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A Myriad of Memories

The Cox Center in Oklahoma City : Photo by <a href="" target="new">Matt Grimm via Flickr</a>
The Cox Center in Oklahoma City : Photo by Matt Grimm via Flickr

Excuse me for a moment while I get sentimental. I just can't help it. There are things in life worth reminiscing about. I could go on and on about the time I ran my truck into a freshly planted tree in my parents yard. Or maybe I'll recall the time I wandered aimlessly through London, England as a teen. Instead, I'll reach deep into the recesses of my mind and pull out some great Oklahoma hockey memories. Memories that harken a feeling of pride that not too long ago every hockey fan in OKC shared, when names like Sauter, Burton, Arvanitis, Dupont, Simoni were commonly heard on Friday evenings in The Brick. While the Oilers have one of the greatest dynasties in professional sports to remember, I believe there was a moment in time that Oklahoma City hockey fans enjoyed a golden age of their own. Once again, bear with me as I take a trip down memory lane.

Not long ago, circa 1992, the Oklahoma City Blazers coached by ex-NHL player Mike McEwen squirmed their way into the six team Central League revival finals only to lose to the Tulsa Oilers. If this were a Disney movie you'd suddenly see rainbows appear above the downtown skyline as it ushered in a wave of hockey fans rejoicing in the streets. In reality, the hockey bug caught on a few years later when Doug Sauter brought tightness to the dump and chase game and a mustache that would live in infamy. Ushering in nine division titles, two Central League championships, and birthing some great scorers was an amazing feat. Those days spent in the soggy and musty Myriad (now the Cox Center) made for an exciting brand of minor league hockey in a very minor hockey market. Although my sports viewfinder might be clouded by hockey lenses, I've yet to experience an atmosphere in OKC sports quite like those early days in The Myriad Convention Center (Thunder/Lakers '10 in the Ford was very close).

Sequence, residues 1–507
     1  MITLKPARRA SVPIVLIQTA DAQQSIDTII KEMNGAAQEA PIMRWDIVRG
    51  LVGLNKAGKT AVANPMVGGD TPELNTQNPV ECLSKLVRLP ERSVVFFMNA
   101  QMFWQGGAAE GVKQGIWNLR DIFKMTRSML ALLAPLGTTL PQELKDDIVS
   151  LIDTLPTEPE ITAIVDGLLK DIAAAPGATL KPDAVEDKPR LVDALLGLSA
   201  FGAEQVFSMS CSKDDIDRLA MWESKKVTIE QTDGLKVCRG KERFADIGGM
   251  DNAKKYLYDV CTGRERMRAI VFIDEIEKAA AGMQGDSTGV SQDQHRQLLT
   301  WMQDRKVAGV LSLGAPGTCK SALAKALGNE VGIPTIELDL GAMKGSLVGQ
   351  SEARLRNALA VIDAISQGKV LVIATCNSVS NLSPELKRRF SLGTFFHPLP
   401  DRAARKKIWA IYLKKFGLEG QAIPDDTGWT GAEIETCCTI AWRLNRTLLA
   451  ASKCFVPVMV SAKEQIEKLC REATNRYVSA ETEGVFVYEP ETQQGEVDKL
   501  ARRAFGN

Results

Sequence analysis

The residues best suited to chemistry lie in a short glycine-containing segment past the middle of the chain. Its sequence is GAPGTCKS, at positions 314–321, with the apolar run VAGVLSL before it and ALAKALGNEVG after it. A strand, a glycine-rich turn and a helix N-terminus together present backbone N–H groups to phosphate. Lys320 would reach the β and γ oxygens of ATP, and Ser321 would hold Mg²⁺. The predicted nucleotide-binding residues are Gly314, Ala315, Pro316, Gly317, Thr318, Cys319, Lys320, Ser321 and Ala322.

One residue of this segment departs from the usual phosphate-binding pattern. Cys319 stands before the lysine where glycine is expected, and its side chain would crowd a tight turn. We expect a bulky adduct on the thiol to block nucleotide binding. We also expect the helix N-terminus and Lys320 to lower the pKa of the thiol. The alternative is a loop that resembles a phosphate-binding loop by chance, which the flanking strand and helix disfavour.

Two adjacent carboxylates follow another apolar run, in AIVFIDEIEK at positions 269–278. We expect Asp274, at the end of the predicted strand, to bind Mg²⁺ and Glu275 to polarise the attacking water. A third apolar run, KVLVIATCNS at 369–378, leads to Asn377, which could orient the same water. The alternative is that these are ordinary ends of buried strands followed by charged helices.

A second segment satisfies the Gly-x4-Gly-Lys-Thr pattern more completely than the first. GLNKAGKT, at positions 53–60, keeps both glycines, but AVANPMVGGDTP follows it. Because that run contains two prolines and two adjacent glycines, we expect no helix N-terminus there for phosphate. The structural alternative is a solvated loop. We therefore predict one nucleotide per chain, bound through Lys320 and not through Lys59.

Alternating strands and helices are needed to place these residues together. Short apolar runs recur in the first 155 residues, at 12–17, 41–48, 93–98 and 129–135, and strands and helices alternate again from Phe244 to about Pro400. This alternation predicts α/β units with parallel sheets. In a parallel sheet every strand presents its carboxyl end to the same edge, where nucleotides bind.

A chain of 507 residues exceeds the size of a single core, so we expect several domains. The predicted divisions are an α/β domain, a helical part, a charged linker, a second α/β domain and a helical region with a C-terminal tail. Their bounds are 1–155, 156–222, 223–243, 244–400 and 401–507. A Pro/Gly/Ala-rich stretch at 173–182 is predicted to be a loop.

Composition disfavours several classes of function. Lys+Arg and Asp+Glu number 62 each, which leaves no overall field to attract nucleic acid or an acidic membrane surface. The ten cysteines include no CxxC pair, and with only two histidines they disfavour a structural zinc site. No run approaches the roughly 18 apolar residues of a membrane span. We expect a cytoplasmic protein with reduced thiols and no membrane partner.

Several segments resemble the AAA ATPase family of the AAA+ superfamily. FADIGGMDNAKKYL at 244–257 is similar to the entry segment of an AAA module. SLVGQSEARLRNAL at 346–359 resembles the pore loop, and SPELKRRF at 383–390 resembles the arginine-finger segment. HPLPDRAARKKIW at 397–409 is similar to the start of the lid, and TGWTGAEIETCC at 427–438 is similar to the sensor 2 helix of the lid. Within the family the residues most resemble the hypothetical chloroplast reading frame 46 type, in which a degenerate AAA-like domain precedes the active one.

As the Blazers continued to dominate a growing Central League, a major arena was built with the hope of luring some kind of professional team in mind, whether that team involved the use of ice and sticks or not. Of course, the Ford Center was built, the Blazers said goodbye to The Myriad as their permanent home, and hello to a pro style building. It sounded like a great idea, but quickly fans noticed a difference. It just wasn't The Myriad. Bigger? Yes. Brighter? Yes. Shinier? Yes. Better? Debatable. Gone was the close feeling you got at the "old barn". Gone was the autograph session as players left the arena. Being a hockey conspiracy theorist (white goaltender pads) it also seemed to give visiting teams an unnecessary advantage by playing in a larger, more NHL-style building. They got pumped by the glitz and glam and size of it all. When the NBA came to town a few Blazers' games got bumped to the newly named Cox Center and suddenly you felt home.

Call me old school, but I like my minor league hockey to feel, well, minor. Now before I start throwing out comparisons to the Charleston Chiefs let me clarify. I want the AHL to succeed in Oklahoma City. As a matter of fact, I wholeheartedly believe it will, mainly because of the success that hockey has had in this town in the past. Bringing a more meaningful team into the Cox Center that nurtures young and developing players will further push the sport to a level of success. However, teams need to play to their strengths.

Moving the OKC Barons to a revamped version of the Cox Center was a great move. It gave hockey a permanent home again. This arena, even with some modifications, was built for hockey. Small, compact, rugged, and sound enhancing nuances have me excited to capture that "old time" feeling of the successful CHL days. Getting to see incredible development takes it to another level.

Readers of The Copper and Blue are no strangers to the importance of atmosphere in hockey. The 2006 Stanley Cup run was an epic example of hockey enthusiasm at its finest. Needless to say, a young, upstart AHL team can be bolstered by a devoted and raucous fan base. Creating an atmosphere for fans to enjoy while providing great hockey development can carry a team beyond many milestones.

So here's to the Cox Center, home of the Oklahoma City Barons, a place hated by all those that grace her visiting locker rooms. May you enjoy your stay as we relish in your defeat.